The 14th annual Hudson Valley Ribfest takes over the Ulster County Fairgrounds in mid-August for a full weekend of ribs, ribs, and more ribs. Expect to see a number of local food trucks serving up their best barbeque bites over the course of the event. If you love meat and summertime eats, you need to score a ticket to this event.
Millbrook Winery knows how to do summer right. The vineyard rings in the start of the weekend with its recurring Friday series. Enjoy $5/ glass tap wine as you play cornhole and bocce with friends and family. On the food truck front, expect to see a rotating selection until the end of August. Keep an eye out for Frites of NY, Farmers and Chefs, and The Grille Wagon, to name only a few.
As one of the Hudson Valley’s more unique events, the Dragon Boat Race attracts a serious crowd. Watch the competition on the water while you sway to the music and catch dance performances on the land. With so much to do, it only makes sense that local food trucks show up to feed hungry attendees. The full line-up of vendors has not been announced yet, but expect top regional trucks to make an appearance.
It wouldn’t be right if we didn’t include our iconic Burger & Beer Bash. Hudson Valley Magazine’s annual hamburger showdown may be all about the beef, but our food trucks are the secret shining stars of the occasion. Do yourself a favor and make a beeline for Eddie’s Churro Factory, which serves up mouthwatering versions of its namesake confection. It’s the perfect way to balance out the savory flavors that define the day.
Fridays until Aug 31, 5-8 p.m. Millbrook Vineyards & Winery 26 Wing Rd, Millbrook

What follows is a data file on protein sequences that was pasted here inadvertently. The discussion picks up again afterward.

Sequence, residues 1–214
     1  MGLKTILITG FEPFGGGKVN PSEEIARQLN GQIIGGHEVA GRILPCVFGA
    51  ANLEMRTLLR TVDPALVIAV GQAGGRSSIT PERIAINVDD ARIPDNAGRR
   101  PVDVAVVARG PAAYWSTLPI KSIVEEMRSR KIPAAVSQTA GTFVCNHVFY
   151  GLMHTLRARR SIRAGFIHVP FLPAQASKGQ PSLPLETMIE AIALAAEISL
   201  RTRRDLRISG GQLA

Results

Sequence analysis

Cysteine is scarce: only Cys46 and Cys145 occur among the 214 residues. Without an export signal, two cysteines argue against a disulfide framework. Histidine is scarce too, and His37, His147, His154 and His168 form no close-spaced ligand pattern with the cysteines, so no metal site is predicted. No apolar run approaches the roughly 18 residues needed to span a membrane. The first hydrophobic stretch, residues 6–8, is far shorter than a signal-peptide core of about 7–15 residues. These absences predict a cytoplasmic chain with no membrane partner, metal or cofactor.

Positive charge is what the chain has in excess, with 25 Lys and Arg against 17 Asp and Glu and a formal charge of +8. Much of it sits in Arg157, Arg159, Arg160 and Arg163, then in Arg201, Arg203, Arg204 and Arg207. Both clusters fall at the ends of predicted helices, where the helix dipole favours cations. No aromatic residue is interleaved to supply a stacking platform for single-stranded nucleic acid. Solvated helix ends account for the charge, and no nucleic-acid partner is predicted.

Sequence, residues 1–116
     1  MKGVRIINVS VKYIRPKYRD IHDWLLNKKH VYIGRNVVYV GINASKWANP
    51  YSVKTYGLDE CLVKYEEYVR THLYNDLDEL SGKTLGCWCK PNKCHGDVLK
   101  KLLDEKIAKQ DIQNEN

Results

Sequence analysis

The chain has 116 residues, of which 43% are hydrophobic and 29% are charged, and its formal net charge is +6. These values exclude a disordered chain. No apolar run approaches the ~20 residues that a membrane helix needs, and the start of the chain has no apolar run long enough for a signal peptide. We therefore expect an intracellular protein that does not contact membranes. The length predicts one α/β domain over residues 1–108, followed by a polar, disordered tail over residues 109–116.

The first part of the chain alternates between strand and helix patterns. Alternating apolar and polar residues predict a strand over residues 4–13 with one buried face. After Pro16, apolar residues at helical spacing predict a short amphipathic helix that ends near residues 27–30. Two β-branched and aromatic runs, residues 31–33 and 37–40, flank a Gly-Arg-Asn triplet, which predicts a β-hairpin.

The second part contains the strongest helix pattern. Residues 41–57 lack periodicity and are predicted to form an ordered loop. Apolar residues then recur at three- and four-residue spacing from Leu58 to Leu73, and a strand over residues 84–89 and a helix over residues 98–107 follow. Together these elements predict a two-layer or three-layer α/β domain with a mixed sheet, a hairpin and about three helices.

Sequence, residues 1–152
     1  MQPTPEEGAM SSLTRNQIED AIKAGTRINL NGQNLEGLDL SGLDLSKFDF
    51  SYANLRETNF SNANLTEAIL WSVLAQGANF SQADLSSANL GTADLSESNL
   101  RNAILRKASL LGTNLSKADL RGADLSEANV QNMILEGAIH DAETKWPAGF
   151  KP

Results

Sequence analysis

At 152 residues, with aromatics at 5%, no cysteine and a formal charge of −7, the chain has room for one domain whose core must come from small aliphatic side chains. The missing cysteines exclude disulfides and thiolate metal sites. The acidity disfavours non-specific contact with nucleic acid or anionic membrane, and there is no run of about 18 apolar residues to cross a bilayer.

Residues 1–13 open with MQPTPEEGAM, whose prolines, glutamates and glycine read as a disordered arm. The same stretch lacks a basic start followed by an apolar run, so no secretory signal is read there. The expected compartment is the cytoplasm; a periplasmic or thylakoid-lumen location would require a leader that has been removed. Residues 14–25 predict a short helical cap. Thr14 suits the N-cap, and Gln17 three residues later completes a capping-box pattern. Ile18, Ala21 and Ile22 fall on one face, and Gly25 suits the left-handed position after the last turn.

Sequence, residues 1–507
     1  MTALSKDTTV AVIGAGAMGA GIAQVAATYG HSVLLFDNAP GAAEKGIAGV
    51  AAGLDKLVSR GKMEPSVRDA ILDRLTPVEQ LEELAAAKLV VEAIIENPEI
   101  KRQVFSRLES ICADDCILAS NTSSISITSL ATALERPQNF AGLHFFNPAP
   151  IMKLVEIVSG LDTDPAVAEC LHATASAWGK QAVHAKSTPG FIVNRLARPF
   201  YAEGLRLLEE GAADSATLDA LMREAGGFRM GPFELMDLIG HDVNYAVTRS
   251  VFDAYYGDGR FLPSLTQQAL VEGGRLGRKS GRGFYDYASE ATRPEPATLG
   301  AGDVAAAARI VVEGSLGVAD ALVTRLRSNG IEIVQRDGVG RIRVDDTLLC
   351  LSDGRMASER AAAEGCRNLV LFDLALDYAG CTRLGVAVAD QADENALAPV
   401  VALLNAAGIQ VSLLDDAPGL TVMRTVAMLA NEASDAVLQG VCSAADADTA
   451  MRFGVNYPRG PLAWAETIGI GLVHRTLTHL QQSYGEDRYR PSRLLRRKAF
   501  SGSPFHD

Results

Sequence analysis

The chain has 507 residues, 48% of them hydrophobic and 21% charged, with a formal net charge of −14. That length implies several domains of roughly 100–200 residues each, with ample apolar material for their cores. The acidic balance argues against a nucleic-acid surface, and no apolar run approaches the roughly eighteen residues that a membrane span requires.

July 21, 9 a.m. Hudson River Rowing Association 270 N Water St, Poughkeepsie
August 9, 6-10 p.m. Dutchess Stadium, 1500 Route 9D, Wappingers Falls
Aug 17-19 Ulster County Fairgrounds 249 Libertyville Rd, New Paltz
For its eighth annual Wine and Food Fest, Putnam Country rounds up the best wine, sprits, and food makers in the Hudson Valley for an epic culinary celebration. Keep an eye out for new vendor announcements on the event’s Facebook page. As of press time, Pag’s, a Paglia Hospitality food truck, is confirmed for a spot at the fest. Patterson Fire Department August 25-26, 11 a.m. – 6 p.m. Patterson Fire Department 13 Burdick Rd, Patterson
The Queens Tribune, Thursday, July 12, 2018
WINE DOWN YOUR WEEKEND Brotherhood, America’s Oldest Winery
A visit to Brotherhood is an extraordinary opportunity to experience the perfect blending of a rich historical past with a modern day present. Our famous tour and tasting will take you underground into our cavernous cellars, where we will share our history behind 179 years of winemaking. The Brotherhood Village offers seasonal events with live music, an eclectic gift shop, dining at the Vinum Café, as well as the perfect destination for a wedding or corporate event in the Grand Monarque Hall.
Located in the lower Hudson Valley next to a beautiful lake. We’re also the home of the Naked Flock brand of Hard Cider and Meads. We have over a dozen wines to sample and specialty Ciders & Meads to enjoy by the bottle, glass or pint. Enjoy Applewood fired pizzas from our cafe. Try a cocktail made with our Vodka and Gin distilled from apples. Live music weekends April-Nov. Check our website for special events on weekends.
Taste our award-winning wines including Chardonnay, Riesling, Merlot, Strawberry wine, Brut Sparkling Wine, Port and Raspberry Wine. Our Spiced Apple wine, made from local Hudson Valley apples, has been honored as Best Fruit Wine and awarded double Gold medals in NYS and International competitions. Live Music, games, WiFi, and large screen TVs, relaxed atmosphere. Stop by for a day filled with great memories and delicious wine.